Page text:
Alphabetical list of Handouts & Guides
Words of Wisdom
I think it’s fairly common for writers to be afflicted with two simultaneous yet contradictory delusions: the burning certainty that we’re unique geniuses, and the constant fear that we’re witless frauds who are speeding toward epic failure.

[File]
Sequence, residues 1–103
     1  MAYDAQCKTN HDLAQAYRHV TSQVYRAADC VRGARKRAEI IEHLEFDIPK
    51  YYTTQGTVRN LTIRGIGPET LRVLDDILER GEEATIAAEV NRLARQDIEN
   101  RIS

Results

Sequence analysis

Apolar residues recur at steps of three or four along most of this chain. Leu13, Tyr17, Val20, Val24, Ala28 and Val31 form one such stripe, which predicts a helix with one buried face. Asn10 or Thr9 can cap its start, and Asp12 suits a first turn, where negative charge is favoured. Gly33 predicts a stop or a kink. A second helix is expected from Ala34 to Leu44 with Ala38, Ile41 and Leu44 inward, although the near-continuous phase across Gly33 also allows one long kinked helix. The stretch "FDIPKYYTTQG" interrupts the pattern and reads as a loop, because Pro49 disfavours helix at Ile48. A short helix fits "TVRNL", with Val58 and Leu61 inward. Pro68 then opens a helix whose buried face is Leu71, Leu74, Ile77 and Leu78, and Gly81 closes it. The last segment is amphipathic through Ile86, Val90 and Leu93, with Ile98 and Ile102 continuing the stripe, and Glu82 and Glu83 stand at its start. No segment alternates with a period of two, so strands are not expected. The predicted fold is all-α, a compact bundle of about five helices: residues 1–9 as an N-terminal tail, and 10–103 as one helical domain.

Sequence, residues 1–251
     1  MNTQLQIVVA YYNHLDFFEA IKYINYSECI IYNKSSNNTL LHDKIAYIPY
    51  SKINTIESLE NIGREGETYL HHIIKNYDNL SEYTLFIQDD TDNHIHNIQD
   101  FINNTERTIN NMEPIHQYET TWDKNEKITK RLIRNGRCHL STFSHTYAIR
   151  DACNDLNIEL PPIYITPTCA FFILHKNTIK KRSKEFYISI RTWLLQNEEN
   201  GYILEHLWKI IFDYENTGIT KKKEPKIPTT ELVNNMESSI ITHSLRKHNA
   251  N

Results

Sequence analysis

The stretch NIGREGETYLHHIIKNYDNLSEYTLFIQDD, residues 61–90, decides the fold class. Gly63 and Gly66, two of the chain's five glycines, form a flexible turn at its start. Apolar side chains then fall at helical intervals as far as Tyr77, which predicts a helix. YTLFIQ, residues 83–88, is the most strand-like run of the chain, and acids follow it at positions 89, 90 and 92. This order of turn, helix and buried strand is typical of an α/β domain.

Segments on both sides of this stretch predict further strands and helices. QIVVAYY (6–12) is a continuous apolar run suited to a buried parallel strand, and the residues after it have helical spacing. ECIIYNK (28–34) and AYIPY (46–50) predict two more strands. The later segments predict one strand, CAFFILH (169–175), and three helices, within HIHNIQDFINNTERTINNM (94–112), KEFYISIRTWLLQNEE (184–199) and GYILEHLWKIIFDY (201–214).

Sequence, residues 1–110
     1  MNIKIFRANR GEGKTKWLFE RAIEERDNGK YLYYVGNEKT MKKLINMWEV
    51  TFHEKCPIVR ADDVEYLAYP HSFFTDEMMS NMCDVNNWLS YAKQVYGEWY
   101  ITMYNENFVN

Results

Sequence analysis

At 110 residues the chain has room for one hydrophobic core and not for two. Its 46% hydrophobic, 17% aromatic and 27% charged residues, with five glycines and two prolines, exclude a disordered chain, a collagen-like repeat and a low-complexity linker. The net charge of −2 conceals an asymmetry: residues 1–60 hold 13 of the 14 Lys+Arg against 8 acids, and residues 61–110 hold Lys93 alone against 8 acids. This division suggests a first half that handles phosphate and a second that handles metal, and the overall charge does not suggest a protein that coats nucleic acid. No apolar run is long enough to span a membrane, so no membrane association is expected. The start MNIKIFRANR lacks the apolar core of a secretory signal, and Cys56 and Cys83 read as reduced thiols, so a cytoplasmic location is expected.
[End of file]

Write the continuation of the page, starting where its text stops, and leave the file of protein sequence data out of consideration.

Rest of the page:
In academic writing, we use logic to present our arguments in a convincing manner. When there is an error in logic, it’s called a logical fallacy. In the words of author Dorothy Seyler, these are “arguments that don’t work.” They can sound convincing, but upon further inspection, the evidence doesn’t hold up. Even if the claim is true, the evidence must support the claim for the argument to be effective. Here are the five fallacies we’ll go over today. Understanding fallacies is crucial to avoiding them in your own arguments, and recognizing them in others; even when they are hidden behind a façade of confidence and colorful words. First is hasty generalization. This is when you make a conclusion on an entire group based on a small, arbitrary example. Consider a trip to Austin, “Based on the folks I met on my trip to UT, I can tell you that all of their students hate the Aggies.” As much as I may feel this is true, this argument uses faulty logic. You can’t generalize a population based on the impressions of a few people, whether they were good or bad. The claim that all UT students hate Aggies is not sufficiently supported by the evidence presented, making this argument a logical fallacy. The non sequitur is another fallacy, Latin for “it does not follow”. This is essentially a conclusion with no clear connection to the evidence used to support it. Consider this: “Valerie is a doctor, so she must be able to cure my sore throat.” Not every doctor is a doctor of medicine. Dr. Valerie’s PhD is in English and Rhetoric, which is a major accomplishment in its own right; but no English program has “curing the common cold” as an elective. The evidence then has no real connection to the claim, and the argument fails. The slippery slope argument claims that extreme consequences will result from a particular action, without any real evidence to show for it. For example, “If I don’t go to this party, my best friend won’t like me anymore, and I’ll never have any friends!” While missing out on one party might make your friend mad, it’s a slippery slope to assume you won’t have any friends. This claim has no evidence to support it, making the argument a logical fallacy The bandwagon argues that if everyone else is doing it, so should you. For example: “I can’t afford the new PiPhone, but everyone has one, so I’ll use all my savings to buy it.” As tempting as it is, you shouldn’t jump on every trend that passes by. The argument is supported purely by social pressure, making it a logical fallacy. The red herring is another common fallacy often used in the media. This is when an irrelevant topic is introduced for the sake of drawing attention away from the true issue in an argument. Consider a school board meeting on teaching styles. The teachers are debating what style of teaching is most effective, until one teacher changes the subject: “We can’t begin to improve our teaching until the budget is balanced.” While funding in education is a growing concern, an institution cannot grind to a halt anytime there are complications. The off-topic comment of the budget draws attention away from the purpose of the debate, making it more difficult to find a solution to the central issue of teaching. Any constructive debate can stop on a dime at the sight of a red herring, so you need to be prepared to spot it. Well, there you have it, five of the most common logical fallacies. Fallacies like these are present in pop culture, news stories and everyday conversation; the more informed you are about them, the easier they will be to identify.